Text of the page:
This year, the traditional continental Christmas markets in town squares and city centres across the UK will become smaller and less European.
The Covid pandemic means that 10,000 professional full-time stall owners have left the industry.
Brexit has made importing goods and people into the UK more complicated.
Anja Manke operates 23 stalls that make up the German Christmas Market at St. Ann’s Square in Manchester.
For more than two decades, she has traveled back and forth between Bremen and England, and regarded it as her second hometown.
But this year is different. Organizing logistics takes several weeks, and each product and person involved requires a license.
“Usually we come to work because we are citizens of a certain part of the world,” Anya said. “First of all, this is a lot of paperwork.”
Therefore, she made the difficult choice not to bring a moose head that is usually placed on top of a German beer bar, and changed some products, including using a British company to import German beer.
Overall, there will be fewer European stall owners in Manchester this year. “It’s very painful,” Anya said. She believes that many people did not return to the industry because they had to live on savings during the pandemic, and the rising Covid interest rates in Europe made traders nervous.
Anja’s company is registered in England, so she is eligible for a loan repayment.
On this Christmas Eve. She has shared information and navigation systems with her European counterparts. “We feel like family now,” she said.
The BBC contacted more than a dozen city councils about the annual Christmas market.only Leeds has cancelled its market Exchanged their lighting installations with Coventry as part of their year as a cultural capital.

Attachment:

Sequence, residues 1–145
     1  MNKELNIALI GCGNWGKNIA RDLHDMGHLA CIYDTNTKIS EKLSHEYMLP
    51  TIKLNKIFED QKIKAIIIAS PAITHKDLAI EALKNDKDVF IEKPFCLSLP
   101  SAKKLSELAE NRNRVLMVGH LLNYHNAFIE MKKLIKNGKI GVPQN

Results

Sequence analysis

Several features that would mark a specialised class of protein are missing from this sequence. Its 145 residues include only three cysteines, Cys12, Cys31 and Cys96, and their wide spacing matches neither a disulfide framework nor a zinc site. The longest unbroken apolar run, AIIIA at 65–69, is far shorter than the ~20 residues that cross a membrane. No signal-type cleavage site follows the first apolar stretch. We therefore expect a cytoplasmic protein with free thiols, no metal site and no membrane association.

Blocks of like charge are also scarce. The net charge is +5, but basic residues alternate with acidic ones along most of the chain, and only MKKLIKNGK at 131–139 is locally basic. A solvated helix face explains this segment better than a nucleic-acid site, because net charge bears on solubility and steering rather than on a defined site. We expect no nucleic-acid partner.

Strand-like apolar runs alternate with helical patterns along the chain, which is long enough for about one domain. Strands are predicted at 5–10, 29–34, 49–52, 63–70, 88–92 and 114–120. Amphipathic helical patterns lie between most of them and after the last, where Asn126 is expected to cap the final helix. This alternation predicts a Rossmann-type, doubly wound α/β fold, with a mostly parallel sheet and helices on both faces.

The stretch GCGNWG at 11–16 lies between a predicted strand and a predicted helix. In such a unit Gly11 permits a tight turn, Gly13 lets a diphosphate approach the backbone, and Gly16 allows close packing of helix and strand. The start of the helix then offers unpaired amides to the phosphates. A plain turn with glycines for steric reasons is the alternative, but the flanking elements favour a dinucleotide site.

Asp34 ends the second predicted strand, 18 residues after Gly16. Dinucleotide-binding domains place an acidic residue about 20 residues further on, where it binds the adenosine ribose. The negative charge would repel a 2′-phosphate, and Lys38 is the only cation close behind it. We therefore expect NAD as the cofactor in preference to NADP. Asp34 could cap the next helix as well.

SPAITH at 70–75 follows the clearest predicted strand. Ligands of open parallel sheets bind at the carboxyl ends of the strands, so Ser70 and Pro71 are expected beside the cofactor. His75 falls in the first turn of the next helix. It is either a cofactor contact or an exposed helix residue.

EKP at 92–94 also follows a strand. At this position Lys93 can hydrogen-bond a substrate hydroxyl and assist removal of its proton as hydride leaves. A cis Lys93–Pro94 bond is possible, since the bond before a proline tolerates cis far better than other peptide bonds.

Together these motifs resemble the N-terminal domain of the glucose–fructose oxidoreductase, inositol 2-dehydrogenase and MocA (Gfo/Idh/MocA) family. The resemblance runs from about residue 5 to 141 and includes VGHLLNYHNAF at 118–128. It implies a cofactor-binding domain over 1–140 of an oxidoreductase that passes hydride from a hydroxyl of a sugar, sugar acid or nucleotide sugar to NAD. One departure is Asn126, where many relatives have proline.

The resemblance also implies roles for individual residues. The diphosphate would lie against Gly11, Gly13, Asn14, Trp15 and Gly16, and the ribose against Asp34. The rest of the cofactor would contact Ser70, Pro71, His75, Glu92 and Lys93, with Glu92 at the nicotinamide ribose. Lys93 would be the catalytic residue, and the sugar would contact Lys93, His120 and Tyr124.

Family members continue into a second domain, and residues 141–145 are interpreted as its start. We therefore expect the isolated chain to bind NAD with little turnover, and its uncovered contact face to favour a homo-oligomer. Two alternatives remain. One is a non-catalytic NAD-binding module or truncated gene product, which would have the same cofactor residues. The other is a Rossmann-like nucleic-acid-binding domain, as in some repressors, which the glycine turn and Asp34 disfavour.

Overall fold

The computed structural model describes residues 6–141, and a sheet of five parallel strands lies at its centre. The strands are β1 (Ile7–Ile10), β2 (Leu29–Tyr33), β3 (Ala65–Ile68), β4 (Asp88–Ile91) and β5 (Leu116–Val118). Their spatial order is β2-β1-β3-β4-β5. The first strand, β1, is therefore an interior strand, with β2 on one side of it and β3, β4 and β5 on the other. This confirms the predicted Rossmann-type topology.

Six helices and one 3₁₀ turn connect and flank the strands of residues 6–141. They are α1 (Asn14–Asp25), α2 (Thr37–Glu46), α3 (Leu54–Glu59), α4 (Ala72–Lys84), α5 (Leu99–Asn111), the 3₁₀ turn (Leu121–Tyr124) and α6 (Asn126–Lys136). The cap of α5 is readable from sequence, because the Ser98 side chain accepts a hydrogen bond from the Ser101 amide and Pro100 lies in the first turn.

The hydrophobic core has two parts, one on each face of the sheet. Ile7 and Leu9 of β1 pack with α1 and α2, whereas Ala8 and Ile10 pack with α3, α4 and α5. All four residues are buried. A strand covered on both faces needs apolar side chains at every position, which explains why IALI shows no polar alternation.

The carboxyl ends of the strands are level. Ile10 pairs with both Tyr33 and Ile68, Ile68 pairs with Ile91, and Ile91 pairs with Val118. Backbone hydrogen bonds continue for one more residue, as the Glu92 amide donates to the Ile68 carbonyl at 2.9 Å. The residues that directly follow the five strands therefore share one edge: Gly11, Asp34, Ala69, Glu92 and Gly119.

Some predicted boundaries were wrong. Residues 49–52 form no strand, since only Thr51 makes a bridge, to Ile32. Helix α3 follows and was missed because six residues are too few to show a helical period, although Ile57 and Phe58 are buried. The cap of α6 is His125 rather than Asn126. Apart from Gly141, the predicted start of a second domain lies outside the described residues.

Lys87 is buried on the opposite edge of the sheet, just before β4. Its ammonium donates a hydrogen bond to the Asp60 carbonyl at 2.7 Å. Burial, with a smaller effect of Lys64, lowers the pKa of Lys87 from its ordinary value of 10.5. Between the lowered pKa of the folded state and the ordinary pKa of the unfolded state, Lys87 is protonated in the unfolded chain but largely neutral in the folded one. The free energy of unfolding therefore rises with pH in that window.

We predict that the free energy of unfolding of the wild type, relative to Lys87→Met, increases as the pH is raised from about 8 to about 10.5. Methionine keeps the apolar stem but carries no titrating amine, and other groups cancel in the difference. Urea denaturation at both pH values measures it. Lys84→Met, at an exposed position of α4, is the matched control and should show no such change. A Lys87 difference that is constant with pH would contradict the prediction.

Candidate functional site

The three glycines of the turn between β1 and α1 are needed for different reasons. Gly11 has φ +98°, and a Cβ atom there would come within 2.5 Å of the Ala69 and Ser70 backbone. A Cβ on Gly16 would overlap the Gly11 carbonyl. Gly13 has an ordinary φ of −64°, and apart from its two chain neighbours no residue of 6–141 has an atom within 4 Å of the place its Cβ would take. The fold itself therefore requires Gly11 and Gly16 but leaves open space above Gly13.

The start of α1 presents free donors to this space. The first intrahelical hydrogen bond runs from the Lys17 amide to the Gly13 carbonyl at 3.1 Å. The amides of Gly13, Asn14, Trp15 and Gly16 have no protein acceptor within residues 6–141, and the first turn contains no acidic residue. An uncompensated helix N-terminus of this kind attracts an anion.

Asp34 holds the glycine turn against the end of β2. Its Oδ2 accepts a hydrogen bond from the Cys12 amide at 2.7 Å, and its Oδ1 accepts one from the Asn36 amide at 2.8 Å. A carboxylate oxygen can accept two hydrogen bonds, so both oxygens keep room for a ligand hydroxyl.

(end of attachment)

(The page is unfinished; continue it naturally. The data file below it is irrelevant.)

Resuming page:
The two largest in Manchester and Birmingham are now open, and the two in Edinburgh, Glasgow, Bournemouth, Oxford, York, Bristol, Nottingham, Newcastle and Exeter are now open. But almost all booths and people flow restrictions are less.
But in Belfast, the situation is different. Its location across the Irish Sea and sharing the EU land border with the Republic means that transportation and trade are more direct.
“It’s really easy for European traders to come to Northern Ireland,” said Alan Hartwell, head of Market Place Europe, which spans four British cities.
“Bureaucracy is coming [in] Let British and Scottish businessmen come here. In England and Scotland, Allen saw his regular European merchants withdraw. In Belfast, he lost his former British and Scottish merchants.
One is Markus Kochem-a self-proclaimed “Mr. Riesling” who is his favorite gluhwein for the special festivals in the Moselle Valley.
He spent 10 weeks sorting out his paperwork, and the shortage of drivers and pallets in Germany gave him additional challenges.
As a result, Marcus withdrew from the Scottish market and only chose Northern Ireland. “Because here is the backing, it is easier to reach people,” he explained. “But I am very happy to be here, I missed it.”
As if this were not enough, there are other restrictions besides Brexit.
“We have three different levels of Covid requirements in England, Scotland and Wales. This is a nightmare,” Allen said.
He felt that the entire system was set up for large companies and did not support smaller independent companies.
Brexit, Covid, and the loss of 10,000 full-time professional traders cost the big market that runs around the clock.
But for the small activities of some small vendors, this is good news.
Kelsey Thompson runs Henigan’s Bar on the outskirts of Bolton. She decided to open an evening market in the bar to increase traffic on quiet days.
“We are hosting a Christmas decoration party with all employees to prepare for it,” she said.
Kelsey was shocked by how many locals had applied to open booths, which meant she was able to provide “all kinds of resin gifts, candles, [to] Novelty earrings”.
Local parents Emma Simpson started bottling sweet gifts as a hobby.
“I signed up here for two Mondays in December, and there were two more at the local cricket club,” she said. “I have to order more to meet the order. My kitchen is full of boxes!”
Emma thinks the smaller market will do well this Christmas. “A lot of people want to keep things local this year. It’s great for me, I really like it.”
For everyone interviewed by the BBC-Anya, Allen, Marcus, Kelsey, and Emma-have a common theme: the love of Christmas and the real motivation to make 2021 more special.
Everyone was surprised and assured of the enthusiasm of its market-no matter how big or small.